In this work, we demonstrate that excitons-polaritons generated in the ZnSe host material can be used to deterministically control the emission characteristics of excitons and trions bound to a single Te2 molecule. In particular, the emission efficiency is increased by two orders of magnitude, indicating a very efficient coupling between free excitons and Te2 bound states. Scanning the free-exciton band with a narrow-frequency tunable laser over the free exciton spectral region reveals strong in-phase oscillations with a period of about 1 meV in the bound exciton emission intensity, emission energy, and emission linewidth. These modulations are explained by the strong coupling naturally occurring in ZnSe between photons and free-excitons, or exciton-polaritons.
This type of cooperative process whereby a host excitation is used to control the behavior of a single emitter has never been reported before. It allows deterministically controlling the emission properties and enables the development of new coherent control schemes.

Mathias Pont
Master, Polytechnique Montréal
Director : Sébastien Francoeur
Optical stabilization of the spectral wandering of an exciton bound to a Te isoelectronic center in ZnSe
We report on the stabilization of  the electrostatic environment of a single emitter bound to a Te isoelectronic center in ZnSe resulting in an increased coherence time T2. Nonresonant excitation is used to reduce charge fluctuations in the vicinity of the emitter. Ultra-weak nonresonant excitation powers allow for radiative recombination of holes trapped in the vicinity of the emitter thus lowering the red-shift of the resonance energy induced by DC Stark effect. The PLE spectrum is the result of the superposition of non-resolved Lorentzian lines each corresponding to a certain charge distribution. With higher nonresonant excitation powers we reach saturation and populate the trap states with excitons, thus inducing another red-shift through the Heitler-London interaction.  

Cesar Daniel Rodríguez Rosenblueth
Master, McGill University
Director : Lilian Childress
Towards Coupling Color Centers in Diamond to Fiber Microcavities
Color centers in diamond are attractive spin-photon interfaces for future quantum technologies. The “flagship” nitrogen vacancy center (NV-) is a proven platform but suffers from a low emission probability (~3%) of photons into the zero-phonon line (ZPL), which is necessary for remote entanglement protocols [1,2]. One potential workaround leverages resonant coupling to an optical cavity to enhance the emission efficiency [3]. In addition, germanium vacancy (GeV) centers can be used for their higher photon emission rate into the ZPL and lower inhomogenous broadening [4]. We present our on-going effort to couple NV- and GeV centers to a fiber-based micro-cavity configured as a scanning microscope. The high cavity finesses (> 30k) obtained using ultralow-loss diamond membranes pave the road to the observation of Purcell enhancement of individual spin transitions but also set stringent requirements regarding cavity stabilisation.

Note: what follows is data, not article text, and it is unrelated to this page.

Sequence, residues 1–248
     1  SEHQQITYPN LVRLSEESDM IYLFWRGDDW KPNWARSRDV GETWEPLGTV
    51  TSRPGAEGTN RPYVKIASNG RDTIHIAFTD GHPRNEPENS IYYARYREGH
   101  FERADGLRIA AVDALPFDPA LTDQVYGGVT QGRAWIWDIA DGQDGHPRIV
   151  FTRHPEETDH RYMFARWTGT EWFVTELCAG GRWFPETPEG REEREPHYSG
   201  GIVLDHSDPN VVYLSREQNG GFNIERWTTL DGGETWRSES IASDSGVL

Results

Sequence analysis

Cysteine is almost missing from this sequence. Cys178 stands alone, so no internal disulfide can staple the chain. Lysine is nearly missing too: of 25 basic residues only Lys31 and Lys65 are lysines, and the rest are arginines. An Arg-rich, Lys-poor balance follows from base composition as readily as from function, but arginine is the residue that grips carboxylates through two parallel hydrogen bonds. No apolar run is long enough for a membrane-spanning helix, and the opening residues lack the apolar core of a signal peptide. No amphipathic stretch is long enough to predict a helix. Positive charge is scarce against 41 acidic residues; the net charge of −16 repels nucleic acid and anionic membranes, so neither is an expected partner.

[1] E. Hogan et al., Nature 466 (2010)
[2] N. Kalb et al., Science 356 (2017)
[3] D. Riedel et al., PRX 7 (2017)
[4] P. Siyushev el a., PRB 96 (2017)

Claude Rohrbacher
Doctorate, Université de Sherbrooke
Director : Eva Dupont-Ferrier
High-resolution cryogenic capacitance measurements of FD-SOI structures using a capacitance bridge 
As CMOS structures are envisioned to host silicon spin qubits and for co-integrating quantum systems with control electronics, the cryogenic behaviour of such structures must be investigated. Capacitance-voltage (CV) measurements are widely used to determine semiconductor parameters. Performing high-resolution CV measurements at cryogenic temperatures is necessary to characterize CMOS structures and can set a path towards charge readout of quantum dots based on capacitance change. However, in nanoscale devices the capacitance to be measured is often reduced to hundreds of  attofarads. Moreover, the wiring of dilution fridges introduces lengths of cables that have a parasitic capacitance on the order of nanofarads, hindering such measurements. Here we present a highly sensitive capacitance bridge circuit designed to perform measurements inside a dilution refrigerator with attofarad resolution. We demonstrate the utility of our circuit by performing split C-V measurements on 28 nm Fully Depleted Silicon on Insulator (FD-SOI) nanostructures at 20 mK. Preliminary results also show that Coulomb blockade is observable using this method; a first step towards charge readout using a capacitance bridge.